Bongani Mayosi. Photo: African News Agency (ANA) Archives
Our sincerest and heartfelt condolences to the family, friends and students of Professor Mayosi.

I did not know Prof Mayosi personally, but I wish I had. Since his untimely demise, so much have been written and spoken about him, I feel as if I had known the man all my life.

When the devastating news broke of the tragic death of the young prof, the first thing on my lips, and I assume on everybody’s, was how could this have happened or how did we allow something like this to have happened to a such a beautiful human being?

A person who did so much for humanity and for South Africa.

We should take collective responsibility and be ashamed of ourselves, and now is not the time to shift the blame or invent stories and excuses to cover up for this tragedy.

I must admit, I did not know much about the disease of depression or the goings-on around the prof at UCT, but much more should be done to avoid such tragedies.

But for now and the immediate future, please give the late prof and his family the respect and dignity that they deserve.

Prof Lizette Rabie, whose own son succumbed to this disease, put it so beautifully in her open letter to UCT students when she said “that depression is not a weakness, it is an illness”. Also “the preferred phrase is that the person died from depression”, and not suicide.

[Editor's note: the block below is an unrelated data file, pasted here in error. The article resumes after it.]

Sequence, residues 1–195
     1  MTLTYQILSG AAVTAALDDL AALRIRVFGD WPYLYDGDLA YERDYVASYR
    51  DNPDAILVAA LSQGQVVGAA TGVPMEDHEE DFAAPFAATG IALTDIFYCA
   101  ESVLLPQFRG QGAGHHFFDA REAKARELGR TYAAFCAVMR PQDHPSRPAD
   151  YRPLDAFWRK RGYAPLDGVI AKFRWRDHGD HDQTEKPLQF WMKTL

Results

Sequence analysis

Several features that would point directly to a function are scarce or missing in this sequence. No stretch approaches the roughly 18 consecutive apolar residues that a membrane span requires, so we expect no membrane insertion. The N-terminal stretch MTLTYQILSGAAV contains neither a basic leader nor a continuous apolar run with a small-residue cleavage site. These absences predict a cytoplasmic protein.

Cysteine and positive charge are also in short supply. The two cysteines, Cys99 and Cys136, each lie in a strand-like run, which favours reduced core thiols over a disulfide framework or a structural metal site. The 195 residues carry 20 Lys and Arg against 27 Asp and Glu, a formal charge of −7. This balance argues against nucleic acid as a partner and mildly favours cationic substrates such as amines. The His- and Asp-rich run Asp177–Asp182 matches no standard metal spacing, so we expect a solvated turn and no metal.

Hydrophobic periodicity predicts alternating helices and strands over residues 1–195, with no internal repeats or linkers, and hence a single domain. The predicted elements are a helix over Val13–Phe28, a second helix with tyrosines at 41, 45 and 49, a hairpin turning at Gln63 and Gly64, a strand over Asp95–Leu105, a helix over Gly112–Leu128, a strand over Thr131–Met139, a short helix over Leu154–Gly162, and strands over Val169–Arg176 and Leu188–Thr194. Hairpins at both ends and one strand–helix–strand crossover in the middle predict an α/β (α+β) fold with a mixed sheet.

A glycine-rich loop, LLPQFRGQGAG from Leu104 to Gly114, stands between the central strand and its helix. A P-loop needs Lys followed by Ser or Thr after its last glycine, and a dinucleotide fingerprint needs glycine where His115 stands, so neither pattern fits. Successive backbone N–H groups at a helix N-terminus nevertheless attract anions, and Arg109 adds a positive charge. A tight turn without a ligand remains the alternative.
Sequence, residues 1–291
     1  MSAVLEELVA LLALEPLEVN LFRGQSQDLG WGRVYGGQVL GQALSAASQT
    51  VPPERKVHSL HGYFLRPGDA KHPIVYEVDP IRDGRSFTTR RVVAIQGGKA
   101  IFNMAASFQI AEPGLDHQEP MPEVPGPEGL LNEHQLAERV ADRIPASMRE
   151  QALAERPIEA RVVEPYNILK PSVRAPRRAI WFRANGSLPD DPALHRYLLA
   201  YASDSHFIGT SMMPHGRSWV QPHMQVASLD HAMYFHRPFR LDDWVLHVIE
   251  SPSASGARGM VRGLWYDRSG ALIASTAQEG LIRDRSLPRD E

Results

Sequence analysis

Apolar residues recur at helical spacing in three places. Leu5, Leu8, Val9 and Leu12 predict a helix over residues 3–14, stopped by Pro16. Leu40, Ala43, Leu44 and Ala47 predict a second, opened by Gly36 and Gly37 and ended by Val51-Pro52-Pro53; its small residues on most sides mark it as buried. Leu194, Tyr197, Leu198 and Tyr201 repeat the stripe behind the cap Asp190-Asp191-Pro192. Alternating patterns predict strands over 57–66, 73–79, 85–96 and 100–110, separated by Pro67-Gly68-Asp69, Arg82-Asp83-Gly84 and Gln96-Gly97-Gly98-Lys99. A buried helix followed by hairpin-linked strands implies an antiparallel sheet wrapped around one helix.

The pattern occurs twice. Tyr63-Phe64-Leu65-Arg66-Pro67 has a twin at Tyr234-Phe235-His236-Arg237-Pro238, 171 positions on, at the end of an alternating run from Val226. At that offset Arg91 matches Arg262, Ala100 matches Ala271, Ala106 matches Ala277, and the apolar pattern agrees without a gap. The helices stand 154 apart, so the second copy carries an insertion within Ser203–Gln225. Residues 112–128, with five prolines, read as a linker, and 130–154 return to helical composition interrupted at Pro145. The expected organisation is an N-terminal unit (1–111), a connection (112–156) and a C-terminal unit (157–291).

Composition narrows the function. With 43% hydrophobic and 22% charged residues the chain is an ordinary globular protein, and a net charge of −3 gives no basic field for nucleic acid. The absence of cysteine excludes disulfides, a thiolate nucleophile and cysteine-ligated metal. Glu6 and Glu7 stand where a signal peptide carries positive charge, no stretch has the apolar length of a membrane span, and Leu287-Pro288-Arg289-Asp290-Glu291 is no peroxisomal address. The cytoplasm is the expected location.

May this be an eye-opener to pay more attention to alleviate the plight or shortcomings at our learning institutions and to help to level the playing fields.

On the opposite side of the field, we have the latest depressing survey - City Press wealth index says “the corporate elite is getting whiter than ever”. Already South Africa has the label of being the most unequal society in the world, and it would not be surprising if South Africa havdthe highest rate of depressive illness in the world.

People need to put their differences aside; put their money where their mouths are, and use some of that hugely accumulated wealth for the future of all our children, who are desperate for decent, equal, quality education.

* Mo Noor Joseph, Crawford.

** The views expressed here are not necessarily those of Independent Newspapers.

Cape Argus